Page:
Breaking Bread

There aren’t that many things in this world that I’m good at. This doesn’t actually bother me as, when the expectations of you are high, folks anticipate results, and you’ve worked your tail off to make it happen. In the mean time you’ve neglected friends, family, and fun. Me? I was with my friends, I was with my family, and I’ve had a ton of fun. One of my life sayings is “Set peoples expectations of you low. That way when you let them down it’s considered normal, and when you do something amazing, they are truly impressed.” Lazy? Maybe, but it’s gotten me this far.

Now, the one thing I do do well, is preparing anything with dough. I’m still working on perfecting pasta, but my attempts are limited to a couple times, and I know I’ll get it. Maybe it’s because I love bread, so the drive to perfect it pushes me to excellence. Or maybe it’s because I know I can fix a bad day for my husband with his favorite cookie recipe. What I haven’t done though, is make our own sandwich bread. I can’t quite figure out why I chose not to bother with it. Maybe it was the amount of consumption in our home, having three sons. Maybe I felt like it wasn’t important enough to bother with. I honestly don’t know.

After we moved to the mountains though, I decided, and especially since it was just the two of us; that it was time for me to start making our own sandwich bread. I started hunting down recipes, and spent time researching pans. Our 8,600 foot elevation can interfere, and additionally; I’m working with a crap oven that lets me down time after time. It’s been almost a year and a half since the move; but today, I finally for the first time, made sandwich bread. The motivator in all honesty, I’m out of bread. Out of bread, out of those sandwich thins I love; and the store is 45 minutes away. If I didn’t make this bread, I wasn’t going to be having the lunch I want. Necessity truly is the mother of invention. Or hunger, in my case.

I think one of the reasons I haven’t pursued the sandwich bread though, is that I like the warm fuzzies I get from purchasing Dave’s Killer Bread. If you’re unfamiliar with this company, you need to change that. This is a company that hires, and works to encourage other businesses to hire, individuals with a criminal background. They saw the necessity to make a REAL difference in the world, and knew that providing a chance to someone, someone who would have a hard time getting hired elsewhere, made a real world difference. Stats for recidivism are just sad. I don’t think it’s just the stigma attached to the individual, but I think the potential liability issues a business owner must face if/when the hiring of an ex-con occurs; can keep a person from being hired. Buying this bread made me personally feel like I was helping out. A real world, individual, no government mandates; solution.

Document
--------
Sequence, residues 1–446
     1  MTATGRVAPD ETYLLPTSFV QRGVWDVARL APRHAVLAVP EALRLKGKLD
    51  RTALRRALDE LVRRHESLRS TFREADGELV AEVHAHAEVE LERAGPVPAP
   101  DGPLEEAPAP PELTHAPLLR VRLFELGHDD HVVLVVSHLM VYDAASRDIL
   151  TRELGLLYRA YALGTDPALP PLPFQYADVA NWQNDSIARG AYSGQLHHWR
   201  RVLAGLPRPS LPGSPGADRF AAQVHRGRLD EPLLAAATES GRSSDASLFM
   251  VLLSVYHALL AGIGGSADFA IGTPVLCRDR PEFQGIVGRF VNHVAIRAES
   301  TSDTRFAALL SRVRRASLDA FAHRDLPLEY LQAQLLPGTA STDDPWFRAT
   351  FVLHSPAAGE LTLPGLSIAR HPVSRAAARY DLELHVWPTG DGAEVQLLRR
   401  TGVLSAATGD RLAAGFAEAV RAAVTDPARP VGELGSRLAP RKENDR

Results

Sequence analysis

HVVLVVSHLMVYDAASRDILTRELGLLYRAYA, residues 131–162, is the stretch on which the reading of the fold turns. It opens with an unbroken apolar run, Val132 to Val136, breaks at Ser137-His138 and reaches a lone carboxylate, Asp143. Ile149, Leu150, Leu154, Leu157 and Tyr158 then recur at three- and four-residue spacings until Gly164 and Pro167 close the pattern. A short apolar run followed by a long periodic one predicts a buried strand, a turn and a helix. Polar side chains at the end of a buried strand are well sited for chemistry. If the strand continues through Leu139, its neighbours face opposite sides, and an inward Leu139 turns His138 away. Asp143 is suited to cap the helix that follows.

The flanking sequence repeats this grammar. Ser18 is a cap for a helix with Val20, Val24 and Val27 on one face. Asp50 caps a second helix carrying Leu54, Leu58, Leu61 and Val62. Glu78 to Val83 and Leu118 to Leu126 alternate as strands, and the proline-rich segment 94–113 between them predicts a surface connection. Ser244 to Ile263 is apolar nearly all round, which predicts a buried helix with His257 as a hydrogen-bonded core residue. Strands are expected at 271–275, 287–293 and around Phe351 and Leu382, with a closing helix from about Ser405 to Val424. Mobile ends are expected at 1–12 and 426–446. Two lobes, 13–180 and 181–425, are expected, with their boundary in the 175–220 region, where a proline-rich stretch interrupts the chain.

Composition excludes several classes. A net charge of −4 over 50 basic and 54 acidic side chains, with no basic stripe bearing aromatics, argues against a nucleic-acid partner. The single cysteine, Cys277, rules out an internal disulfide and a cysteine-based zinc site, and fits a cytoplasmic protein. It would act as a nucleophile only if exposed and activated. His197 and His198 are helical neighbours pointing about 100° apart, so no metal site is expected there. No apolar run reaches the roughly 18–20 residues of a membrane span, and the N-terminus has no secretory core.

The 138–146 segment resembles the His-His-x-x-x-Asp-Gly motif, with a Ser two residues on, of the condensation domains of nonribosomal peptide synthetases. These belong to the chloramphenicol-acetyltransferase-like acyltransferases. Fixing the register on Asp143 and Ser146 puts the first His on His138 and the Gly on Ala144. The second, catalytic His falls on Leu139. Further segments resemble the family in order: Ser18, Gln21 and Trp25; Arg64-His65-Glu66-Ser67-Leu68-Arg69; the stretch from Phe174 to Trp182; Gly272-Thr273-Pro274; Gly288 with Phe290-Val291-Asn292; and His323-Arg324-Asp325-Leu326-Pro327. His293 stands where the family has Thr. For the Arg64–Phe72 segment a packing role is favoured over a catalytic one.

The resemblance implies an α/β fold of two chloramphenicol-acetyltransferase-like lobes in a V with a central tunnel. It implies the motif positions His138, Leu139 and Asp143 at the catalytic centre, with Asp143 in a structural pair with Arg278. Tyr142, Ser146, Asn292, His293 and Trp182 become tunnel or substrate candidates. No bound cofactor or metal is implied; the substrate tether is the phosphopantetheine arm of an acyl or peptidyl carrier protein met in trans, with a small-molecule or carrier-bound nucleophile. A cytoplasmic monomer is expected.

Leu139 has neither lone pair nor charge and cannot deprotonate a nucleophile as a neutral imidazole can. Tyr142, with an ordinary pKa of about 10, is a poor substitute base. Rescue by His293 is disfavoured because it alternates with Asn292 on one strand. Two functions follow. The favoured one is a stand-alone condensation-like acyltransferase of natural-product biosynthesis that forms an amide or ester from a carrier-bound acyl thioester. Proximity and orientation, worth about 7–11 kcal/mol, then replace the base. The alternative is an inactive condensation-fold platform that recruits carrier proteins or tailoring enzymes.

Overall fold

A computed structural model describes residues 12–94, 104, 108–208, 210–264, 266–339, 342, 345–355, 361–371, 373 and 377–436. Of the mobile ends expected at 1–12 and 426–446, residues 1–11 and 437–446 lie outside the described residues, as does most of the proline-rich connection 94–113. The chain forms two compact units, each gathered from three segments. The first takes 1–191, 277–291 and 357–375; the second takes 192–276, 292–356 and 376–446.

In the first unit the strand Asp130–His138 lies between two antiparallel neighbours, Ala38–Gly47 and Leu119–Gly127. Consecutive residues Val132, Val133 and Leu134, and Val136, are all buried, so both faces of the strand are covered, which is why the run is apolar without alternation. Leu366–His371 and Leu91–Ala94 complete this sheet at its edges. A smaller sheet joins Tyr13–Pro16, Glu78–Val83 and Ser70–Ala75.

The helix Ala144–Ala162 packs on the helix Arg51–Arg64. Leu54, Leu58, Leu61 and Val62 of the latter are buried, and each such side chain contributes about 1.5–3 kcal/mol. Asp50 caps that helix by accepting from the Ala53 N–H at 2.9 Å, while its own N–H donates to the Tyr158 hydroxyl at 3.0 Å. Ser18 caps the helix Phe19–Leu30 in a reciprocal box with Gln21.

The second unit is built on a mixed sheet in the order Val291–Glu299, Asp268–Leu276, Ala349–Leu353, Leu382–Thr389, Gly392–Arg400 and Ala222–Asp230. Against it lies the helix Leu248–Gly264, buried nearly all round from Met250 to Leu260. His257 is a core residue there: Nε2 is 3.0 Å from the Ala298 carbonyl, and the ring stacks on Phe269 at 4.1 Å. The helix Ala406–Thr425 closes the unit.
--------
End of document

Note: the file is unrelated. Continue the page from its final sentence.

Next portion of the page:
I watched those on the left post incredibly ugly comments when David Koch died. It was heartless, unnecessary, and made me change my opinions of people that I have held some respect for in the past. Regardless of whether or not you agree with someone, their death is when you provide compassion; not outrage. (I do have an exception for folks like Mugabe though. I would hope that’s obvious.) So you have an ideological difference with David Koch. Eh. That doesn’t impress me, as I actually know the history of the Koch Brothers. They are not the vile men the left paints them to be, and I don’t know if there has been a more active, effective, and philanthropic, modern family. It’s no secret I’m a Libertarian. I make that very clear. It’s also no secret that the Koch Brothers lean Libertarian. Most of their activities over the years, I can appreciate, and agree with. If you do some digging, you’ll see that their reach is far, and diverse; teaming up with both Democrats, and Republicans to accomplish mutual goals. Were they concerned about themselves first? I think most folks are. Especially if you’re an employer, and you have to worry about keeping food on the tables of your employees. We made decisions about our business that I wasn’t the happiest with for whatever reason, because we had employees that needed their paycheck, and every other paycheck after that.

Earlier this year I ran across a story about Charles Koch, urging fellow business owners to hire applicants with a criminal history. Often called the “ban the box” movement, it is, as I said above; a real world answer to a problem, that doesn’t require the government.  Charles, and David Koch both, have/had a heart for criminal justice reform.  I could talk for days on this subject, so when I see examples of effort; I like to acknowledge them.

I’ve always taken issue with what the definition of charity is, and how it’s messaged in society. Contrary to what many believe, charity is not the responsibility of the government. And if we want to break it down to Biblical charity, it is to be voluntary, and organic. If you can’t buy your way into heaven, no amount of charity “forced” upon you feeds your soul, offers the fulfillment it’s meant to, or allows you to pass through the Pearly Gates.  The place the ban the box movement comes from, is admirable, respectable, and is definitely a form of charity in this screwed up world.

In our polarized nation, maybe we all need to just take a deep breath, and go buy a damn loaf of overpriced bread. I’d rather put my money into programs, and movements that I know make an actual difference, and is done with the purest of intentions. And after we all buy a loaf of overpriced bread, maybe we can look around us at other needs in our community that can be addressed without government input.  That puts jewels in your crown, not advocating for theft from your neighbor.

More on David Koch’s death.